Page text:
Officer Jonathan Shoop, 32, was struck by a bullet fired from the gun of fellow Officer Mustafa Kumcur, according to a news release issued by the Snohomish County Multiple Agency Response Team.
The officers were responding to gunfire from the man they had attempted to pull over for not having a license plate, 37-year-old Henry Eugene Washington, according to investigators.
Washington is charged with first-degree aggravated murder, first-degree attempted murder and vehicular assault, according to charging documents filed Friday by the King County Prosecuting Attorney’s office.
“The fact that Mr. Washington did not fire the fatal shot is immaterial to his culpability in this crime. But for Mr. Washington’s directed attack on the officers, Officer Shoop would be alive today,” the charging documents say.
Washington’s next court date will be August 3, and he is expected to enter a plea.
Attempts by CNN to reach Washington’s attorney have gone unanswered.
Incident began with traffic stop
The incident began on Monday evening when the two officers pulled over a vehicle driven by Washington and talked with him before he fled, according to the response team.
After a short pursuit, Washington hit a man riding a scooter in a crosswalk and crashed into a raised center median, according to investigators. The officers drove around the median and approached Washington’s car.
“(Washington) had already exited the Pontiac and was walking away from the crashed car but, as the patrol SUV stopped facing his car, he changed direction and rapidly approached the driver’s door of the patrol SUV, while holding a pistol, and opened fire,” according to the news release.
Washington is believed to have fired twice at Shoop and Kumcur, according to investigators. The officers returned fire while still in the SUV with at least nine shell casings found inside, according to the charging documents.
“One (of the rounds) broke the driver’s side window and the other hit Officer Kumcur’s firearm, ricocheted and struck him in the head,” according a news release. “It is also believed Officer Kumcur fired multiple times with one of the shots striking and killing Officer Shoop in the crossfire.”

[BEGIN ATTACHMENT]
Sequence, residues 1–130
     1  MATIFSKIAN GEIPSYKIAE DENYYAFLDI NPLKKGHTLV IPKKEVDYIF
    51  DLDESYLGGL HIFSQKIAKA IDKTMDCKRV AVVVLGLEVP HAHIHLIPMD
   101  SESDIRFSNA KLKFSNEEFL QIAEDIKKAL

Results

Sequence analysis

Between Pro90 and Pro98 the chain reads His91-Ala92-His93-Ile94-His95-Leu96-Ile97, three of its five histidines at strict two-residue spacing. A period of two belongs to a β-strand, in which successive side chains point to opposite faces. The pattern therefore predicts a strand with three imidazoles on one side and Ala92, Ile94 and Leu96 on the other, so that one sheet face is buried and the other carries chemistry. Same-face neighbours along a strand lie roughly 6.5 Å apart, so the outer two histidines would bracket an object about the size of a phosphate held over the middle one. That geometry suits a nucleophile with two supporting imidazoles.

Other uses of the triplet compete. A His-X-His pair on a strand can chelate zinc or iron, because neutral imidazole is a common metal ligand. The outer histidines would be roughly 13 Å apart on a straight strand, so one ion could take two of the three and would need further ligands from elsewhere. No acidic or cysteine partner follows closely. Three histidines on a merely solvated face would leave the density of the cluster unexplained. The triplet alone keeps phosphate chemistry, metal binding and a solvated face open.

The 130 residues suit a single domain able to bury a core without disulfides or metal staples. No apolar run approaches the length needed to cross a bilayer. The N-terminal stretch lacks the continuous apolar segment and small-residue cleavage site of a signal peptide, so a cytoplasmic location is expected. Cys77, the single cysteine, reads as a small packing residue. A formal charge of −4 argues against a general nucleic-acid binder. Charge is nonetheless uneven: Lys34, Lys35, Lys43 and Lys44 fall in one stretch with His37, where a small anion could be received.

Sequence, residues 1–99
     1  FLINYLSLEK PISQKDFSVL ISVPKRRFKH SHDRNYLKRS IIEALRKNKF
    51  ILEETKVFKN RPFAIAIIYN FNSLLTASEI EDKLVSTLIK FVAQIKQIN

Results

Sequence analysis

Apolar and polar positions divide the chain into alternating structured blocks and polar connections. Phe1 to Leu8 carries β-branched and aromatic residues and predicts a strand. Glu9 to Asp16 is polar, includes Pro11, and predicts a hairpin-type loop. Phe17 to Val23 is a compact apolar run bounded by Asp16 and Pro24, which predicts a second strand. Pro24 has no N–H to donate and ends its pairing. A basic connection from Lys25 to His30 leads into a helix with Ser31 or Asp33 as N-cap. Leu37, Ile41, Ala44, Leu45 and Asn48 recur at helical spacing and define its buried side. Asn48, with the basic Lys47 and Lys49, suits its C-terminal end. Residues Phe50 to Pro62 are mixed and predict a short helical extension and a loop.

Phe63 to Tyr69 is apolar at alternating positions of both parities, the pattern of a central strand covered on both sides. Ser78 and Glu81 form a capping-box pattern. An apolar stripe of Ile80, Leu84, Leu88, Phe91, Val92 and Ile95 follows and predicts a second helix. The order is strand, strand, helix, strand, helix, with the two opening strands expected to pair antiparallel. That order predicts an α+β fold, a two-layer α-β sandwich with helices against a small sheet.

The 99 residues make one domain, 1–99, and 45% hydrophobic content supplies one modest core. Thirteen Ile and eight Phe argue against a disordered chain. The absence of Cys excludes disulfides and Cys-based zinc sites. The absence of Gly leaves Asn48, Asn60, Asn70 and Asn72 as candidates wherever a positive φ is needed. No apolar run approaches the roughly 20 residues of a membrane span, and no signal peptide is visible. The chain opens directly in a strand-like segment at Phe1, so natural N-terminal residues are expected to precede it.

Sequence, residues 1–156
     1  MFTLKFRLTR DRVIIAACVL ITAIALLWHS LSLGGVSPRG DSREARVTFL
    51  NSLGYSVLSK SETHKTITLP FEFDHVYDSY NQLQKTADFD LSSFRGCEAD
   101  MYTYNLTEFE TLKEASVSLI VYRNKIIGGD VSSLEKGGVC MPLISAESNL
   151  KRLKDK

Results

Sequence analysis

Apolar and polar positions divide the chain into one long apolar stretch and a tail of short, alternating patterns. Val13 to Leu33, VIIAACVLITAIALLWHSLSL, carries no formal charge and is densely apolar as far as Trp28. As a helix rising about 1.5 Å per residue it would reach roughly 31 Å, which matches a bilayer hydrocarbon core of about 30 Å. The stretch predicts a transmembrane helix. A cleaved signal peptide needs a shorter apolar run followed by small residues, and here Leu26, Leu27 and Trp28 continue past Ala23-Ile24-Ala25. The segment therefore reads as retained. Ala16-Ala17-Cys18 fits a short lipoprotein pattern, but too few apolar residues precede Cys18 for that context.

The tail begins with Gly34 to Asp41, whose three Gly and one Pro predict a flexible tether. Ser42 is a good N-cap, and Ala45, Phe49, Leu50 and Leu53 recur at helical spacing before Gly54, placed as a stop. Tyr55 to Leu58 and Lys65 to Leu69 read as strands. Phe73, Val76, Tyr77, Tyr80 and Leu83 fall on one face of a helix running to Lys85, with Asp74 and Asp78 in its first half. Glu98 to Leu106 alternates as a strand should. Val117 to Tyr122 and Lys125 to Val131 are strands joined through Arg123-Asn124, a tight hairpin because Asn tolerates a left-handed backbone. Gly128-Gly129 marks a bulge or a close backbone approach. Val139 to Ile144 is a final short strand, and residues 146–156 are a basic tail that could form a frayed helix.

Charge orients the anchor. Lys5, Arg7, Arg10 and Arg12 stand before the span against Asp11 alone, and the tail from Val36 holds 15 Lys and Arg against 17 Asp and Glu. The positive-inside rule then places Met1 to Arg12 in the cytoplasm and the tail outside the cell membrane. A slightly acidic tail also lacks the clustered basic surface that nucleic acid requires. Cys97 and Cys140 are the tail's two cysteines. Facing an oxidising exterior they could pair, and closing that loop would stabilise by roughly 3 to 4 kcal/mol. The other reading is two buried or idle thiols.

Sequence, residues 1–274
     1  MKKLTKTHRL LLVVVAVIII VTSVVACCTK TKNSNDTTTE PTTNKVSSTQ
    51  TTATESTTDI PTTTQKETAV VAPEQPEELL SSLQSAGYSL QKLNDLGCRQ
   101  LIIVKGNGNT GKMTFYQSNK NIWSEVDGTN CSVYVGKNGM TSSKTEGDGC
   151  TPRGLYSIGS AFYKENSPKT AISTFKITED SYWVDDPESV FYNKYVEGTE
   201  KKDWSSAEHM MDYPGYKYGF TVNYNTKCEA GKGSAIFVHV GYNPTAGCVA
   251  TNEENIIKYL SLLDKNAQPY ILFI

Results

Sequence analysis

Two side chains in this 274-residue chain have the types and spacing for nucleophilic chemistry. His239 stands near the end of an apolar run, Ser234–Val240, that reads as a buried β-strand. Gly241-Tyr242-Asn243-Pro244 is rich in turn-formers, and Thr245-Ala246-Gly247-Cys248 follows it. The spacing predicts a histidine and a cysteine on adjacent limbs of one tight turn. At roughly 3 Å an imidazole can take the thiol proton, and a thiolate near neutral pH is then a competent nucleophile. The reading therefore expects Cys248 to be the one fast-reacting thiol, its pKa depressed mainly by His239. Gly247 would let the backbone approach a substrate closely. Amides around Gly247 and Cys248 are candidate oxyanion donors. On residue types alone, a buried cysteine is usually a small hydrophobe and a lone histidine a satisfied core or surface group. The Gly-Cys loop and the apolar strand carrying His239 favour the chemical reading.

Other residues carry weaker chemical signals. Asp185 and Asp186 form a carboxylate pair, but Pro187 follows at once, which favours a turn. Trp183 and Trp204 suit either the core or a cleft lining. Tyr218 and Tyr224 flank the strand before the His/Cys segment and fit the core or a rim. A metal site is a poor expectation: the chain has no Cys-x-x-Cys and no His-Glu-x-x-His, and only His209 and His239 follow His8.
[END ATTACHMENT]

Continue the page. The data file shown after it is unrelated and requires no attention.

Responding police officers found a wounded Kumcur attempting to give aid to Shoop, who was pronounced dead at the scene, according to a probable cause affidavit.
Kumcar suffered a deep grazing bullet wound to the top, right side of his head and was transported to a hospital for treatment.
Washington fled on foot and was later seen on the rooftop of a nearby business, according to the news release. While on the roof, police said he called a 911 call center in Kansas in an attempt to tell his family that he had shot and killed a police officer.
When he attempted to get off the roof, the male became wedged between buildings and was taken into custody without incident and a handgun was found in his pants, police said.
Police said that Washington admitted to driving the Pontiac, driving away from the traffic stop, hitting the pedestrian, shooting into the SUV, and calling the 911 call center during an interview with investigators.
In the interview with investigators, “Washington would ramble about voices in his head and make grandiose statements that were off topic,” according to the affidavit. He told detectives that he intentionally shot at the officers for fear of losing his vehicle, his gun and his marijuana, the affidavit said.
Washington has prior convictions in Texas for assault, theft, evading arrest and making terroristic threats, and prior convictions in Kansas for aggravated intimidation of a victim or witness, violating a protection order and felony stalking, according to the charging documents.
Washington faces a maximum punishment of life in prison if convicted of the charges. If convicted of first-degree aggravated murder, Washington would to be sentenced to life in prison without the possibility of parole, according to the charging documents.
CNN’s Jennifer Henderson contributed to this report.